#KeyLIMEPodcast 265: When is ‘leadership’ is more than ‘leadership’?

Last week, the KeyLIME podcast looked at a tool created to evaluate peer surgical coaching; this week, they look at a tool created to evaluate internal medicine residents’ leadership skills when leading rounds. The skills needed to lead rounds have a great effect on education and care, as they effect both learner experiences and patient outcomes. Despite this, little is known what exactly these skills are, let alone how to teach and assess them. The authors have this paper have created a direct observation instrument for this purpose and put in to the test in this study.

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KeyLIME Session 265

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Ricotta et. al., The Mindful Manager: Validation of a Rounding Leadership Instrument for Residents J Gen Intern Med. 2020 Apr;35(4):1161-1166


Linda Snell (@LindaSMedEd)


What happens on clinical rounds? What are the skills needed to lead rounds?

Rounds:  ‘the process of seeing, assessing, and caring for patients as a team’.  They involve both patient care and education, integrally mixed, and .  Often led by senior resident (PGY2-4), the skills needed to lead these rounds contribute to education and care; variability in practices affects both learner experiences and patient outcomes . Yet within this ‘leading rounds’ competency, little is known about what skills, how to teach and how to assess these abilities and  there is an absence of validated and acceptable tools to measure this competency. Generic leadership tools cannot address heterogeneity and opportunistic nature of rounds, and best rounding practices have not been ‘codified’.

A digression into Kane: Any assessment tool must be validated.

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“To develop and collect validity evidence for a direct observation instrument of internal medicine residents’ leadership skills during daily in patient care rounds for future formative assessment.”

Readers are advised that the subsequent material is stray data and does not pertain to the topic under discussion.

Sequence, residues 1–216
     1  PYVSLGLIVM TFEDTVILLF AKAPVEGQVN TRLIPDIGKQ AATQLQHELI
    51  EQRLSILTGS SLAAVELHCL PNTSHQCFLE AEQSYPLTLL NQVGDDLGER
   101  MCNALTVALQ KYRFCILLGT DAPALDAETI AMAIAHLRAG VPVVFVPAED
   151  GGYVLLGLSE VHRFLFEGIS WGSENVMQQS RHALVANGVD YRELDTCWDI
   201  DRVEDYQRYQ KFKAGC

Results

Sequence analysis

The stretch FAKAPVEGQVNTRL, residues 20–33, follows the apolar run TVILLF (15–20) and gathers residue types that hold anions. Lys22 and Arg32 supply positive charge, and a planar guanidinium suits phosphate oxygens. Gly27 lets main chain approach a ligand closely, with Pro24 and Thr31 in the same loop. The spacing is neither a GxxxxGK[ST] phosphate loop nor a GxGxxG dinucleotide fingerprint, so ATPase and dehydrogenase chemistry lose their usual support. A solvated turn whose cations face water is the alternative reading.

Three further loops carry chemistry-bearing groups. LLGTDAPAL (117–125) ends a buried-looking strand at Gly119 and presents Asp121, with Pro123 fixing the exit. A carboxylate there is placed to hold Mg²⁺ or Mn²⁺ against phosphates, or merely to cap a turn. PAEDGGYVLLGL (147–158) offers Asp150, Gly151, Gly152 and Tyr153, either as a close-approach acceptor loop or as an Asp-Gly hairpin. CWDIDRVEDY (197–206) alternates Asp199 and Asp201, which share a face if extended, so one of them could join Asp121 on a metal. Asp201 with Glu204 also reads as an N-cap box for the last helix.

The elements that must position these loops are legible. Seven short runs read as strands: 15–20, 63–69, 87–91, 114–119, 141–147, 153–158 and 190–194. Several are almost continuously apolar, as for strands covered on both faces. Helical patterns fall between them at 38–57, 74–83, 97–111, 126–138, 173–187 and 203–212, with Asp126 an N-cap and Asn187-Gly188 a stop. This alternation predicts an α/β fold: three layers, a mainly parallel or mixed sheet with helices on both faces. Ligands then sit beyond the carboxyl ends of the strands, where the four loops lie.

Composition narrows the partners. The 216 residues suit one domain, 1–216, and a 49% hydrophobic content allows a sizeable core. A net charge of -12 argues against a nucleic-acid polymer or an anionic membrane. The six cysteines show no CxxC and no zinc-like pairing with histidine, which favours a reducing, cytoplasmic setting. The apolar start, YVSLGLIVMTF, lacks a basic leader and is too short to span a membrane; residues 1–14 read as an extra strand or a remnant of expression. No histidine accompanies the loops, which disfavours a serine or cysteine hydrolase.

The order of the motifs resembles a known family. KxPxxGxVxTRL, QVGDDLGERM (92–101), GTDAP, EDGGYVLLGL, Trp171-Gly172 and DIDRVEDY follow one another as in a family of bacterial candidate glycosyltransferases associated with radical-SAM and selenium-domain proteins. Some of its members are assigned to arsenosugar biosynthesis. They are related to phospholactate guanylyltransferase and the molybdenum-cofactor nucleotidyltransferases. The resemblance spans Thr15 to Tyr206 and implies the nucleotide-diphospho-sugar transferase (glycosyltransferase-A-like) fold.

Key Points on the Methods

Quaternary teaching hospital, internal medicine teaching units, teams of a PGY2 or 3, two PGY1s, med students and an attending staff, with senior residents (PGY2-3) being the subject.

Steps:  Lit review and tool development; consensus, pilot testing & revisions; rater training and norming; supervisors observe and rate residents on a morning rounds using tool; paired supervisor and RA observations / ratings; faculty survey perceptions of tool

Development of observation tool:

1. Lit review -> team leadership skills relevant to managing inpatient teams, categorized into domains and aligned with ACGME competencies

2. Consensus building (3 rounds with experts – not a Delphi) for domains below

  • creating a safe learning environment;
  • providing consistent and effective feedback;
  • role-modeling clinical skills, attitudes, and behaviors;
  • running the team efficiently;
  • developing situational awareness;

3. described behaviours for each domain and obtained consensus with experts (2 rounds)

4. Piloted and revised

Validation used Kane’s framework

scoring, are observations accurate, reproducible and quantifiable:  done through lit review, consensus building for instrument development and norming during faculty development

generalization, measures reliability and how the sample items reflect overall performance: done through consensus building choice of behaviors, and IRR of paired faculty supervisors’ and RAs’ observations

extrapolation, correlating testing and real-world performance: This was already done in real world; so compared PGY2s and 3s scores thinking 3s would be better; faculty survey question did behaviors reflect actual skills needed

implication, interpretation & action about results